It is true that not all law enforcement is like this. We need to show these actions are unacceptable and that there will be consequences even if you are White. Murder is murder. There’s no changing that.
Thankfully, I was raised to have a voice. I was a talkative kid. And I am Muslim. I was raised by an immigrant mother who came to America in 1999. I was also raised by a strong, hardworking father who was born and raised in America. For my mother and all immigrants, it would be impossible for them to have come if there was no Civil Rights Movement. This is one of the many reasons we need to stand with the Black Lives Matter movement no matter what. Being Muslim has shown me the difficulty of being accepted in society. My family has the first-hand experience of religious discrimination embedded in our country after the horrific events of Sept 11, 2001. I’m not saying all people are the same. I’m not saying that all Whites are racist. But being Muslim has shown me the difficulty of being accepted in society because of what I have seen people like us go through. I am thankful to God for having been born and raised in a safe environment. I have not experienced what most Muslims in America go through, this being racism, oppression, and disrespect too. But just because I haven’t experienced it, doesn’t mean it’s gone unnoticed from me, right? I know that I have a voice. I have seen people like me, Muslims of all races, be treated terribly just because of their race and practice. And this makes me realize that my voice can make a difference.
What more can be said about this topic now? It is clearly hatred and racism in its purest form. Saying things isn’t enough. We watched Black men and women die in recent months. Hate crimes continue to grow. We must demand justice. If we are all truly in this together, let’s stop more of this from happening. We owe this to our African American brothers and sisters. We owe this to their community. Let us remember their names every day. Let us focus on the names of the victims rather than the killers. Let us focus on Ahmaud Arbrey. Let us focus on Trayvon Martin. Let us focus on Breonna Taylor. Let us focus on George Floyd. Let us focus on all the victims of racism and police brutality. Let us focus on the hate and racism in this country. Allow us to overturn this. We are the power of America. We are the voice of America. We, the people have the power to stand up against what we witness showing up on our social media feeds every month. Let us bring justice to the acts of injustice that happen in this country each day. Because the Hell we live in right now, that’s not us. Let us live with the doctrine of Liberty and Justice for all.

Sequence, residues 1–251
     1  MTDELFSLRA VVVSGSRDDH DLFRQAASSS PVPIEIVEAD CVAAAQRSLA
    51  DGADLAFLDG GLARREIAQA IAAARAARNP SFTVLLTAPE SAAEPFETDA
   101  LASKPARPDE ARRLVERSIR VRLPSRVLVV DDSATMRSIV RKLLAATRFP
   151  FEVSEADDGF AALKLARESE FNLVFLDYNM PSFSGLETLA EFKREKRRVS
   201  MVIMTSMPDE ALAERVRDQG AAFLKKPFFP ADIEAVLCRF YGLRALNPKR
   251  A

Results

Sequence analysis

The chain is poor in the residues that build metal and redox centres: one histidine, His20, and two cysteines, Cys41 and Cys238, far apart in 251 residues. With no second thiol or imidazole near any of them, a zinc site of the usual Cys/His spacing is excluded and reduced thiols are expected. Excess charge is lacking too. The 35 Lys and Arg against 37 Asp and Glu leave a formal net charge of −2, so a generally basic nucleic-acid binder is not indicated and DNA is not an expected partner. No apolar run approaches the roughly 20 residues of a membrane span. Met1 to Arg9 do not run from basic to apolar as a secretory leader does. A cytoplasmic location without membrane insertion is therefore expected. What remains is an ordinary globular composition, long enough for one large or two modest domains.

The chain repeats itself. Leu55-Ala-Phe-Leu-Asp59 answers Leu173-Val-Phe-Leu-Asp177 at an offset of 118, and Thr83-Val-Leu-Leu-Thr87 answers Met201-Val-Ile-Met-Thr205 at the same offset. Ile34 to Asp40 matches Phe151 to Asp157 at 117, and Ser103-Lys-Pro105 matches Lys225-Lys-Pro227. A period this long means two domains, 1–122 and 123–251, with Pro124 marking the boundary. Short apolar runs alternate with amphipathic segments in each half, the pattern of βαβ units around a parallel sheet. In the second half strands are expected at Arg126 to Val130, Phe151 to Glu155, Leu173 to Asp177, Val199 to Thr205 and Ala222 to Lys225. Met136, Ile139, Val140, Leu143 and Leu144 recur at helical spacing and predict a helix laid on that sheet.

I am not Black, but I see you.
I am not Black, but I hear you.
I am not Black, but I mourn with you.
WAYS TO HELP:
This will provide you with all the necessary petitions, news, and ways to help the Black Lives Matter Movement.
The BLM Movement is NOT a trend! Continue to fight in as many ways as you can. The world needs you and thanks you for all that you do!
The official website for the BLM Movement